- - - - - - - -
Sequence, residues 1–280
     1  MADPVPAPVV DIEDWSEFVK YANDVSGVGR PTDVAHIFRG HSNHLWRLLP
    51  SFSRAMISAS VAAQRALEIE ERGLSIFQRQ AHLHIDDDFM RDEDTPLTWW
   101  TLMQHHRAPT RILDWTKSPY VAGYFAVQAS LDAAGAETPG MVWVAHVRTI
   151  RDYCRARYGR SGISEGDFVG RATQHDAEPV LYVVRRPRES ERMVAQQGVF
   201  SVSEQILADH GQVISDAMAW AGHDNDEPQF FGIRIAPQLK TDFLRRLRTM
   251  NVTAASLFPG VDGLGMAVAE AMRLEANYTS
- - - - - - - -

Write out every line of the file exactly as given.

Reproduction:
Sequence, residues 1–280
     1  MADPVPAPVV DIEDWSEFVK YANDVSGVGR PTDVAHIFRG HSNHLWRLLP
    51  SFSRAMISAS VAAQRALEIE ERGLSIFQRQ AHLHIDDDFM RDEDTPLTWW
   101  TLMQHHRAPT RILDWTKSPY VAGYFAVQAS LDAAGAETPG MVWVAHVRTI
   151  RDYCRARYGR SGISEGDFVG RATQHDAEPV LYVVRRPRES ERMVAQQGVF
   201  SVSEQILADH GQVISDAMAW AGHDNDEPQF FGIRIAPQLK TDFLRRLRTM
   251  NVTAASLFPG VDGLGMAVAE AMRLEANYTS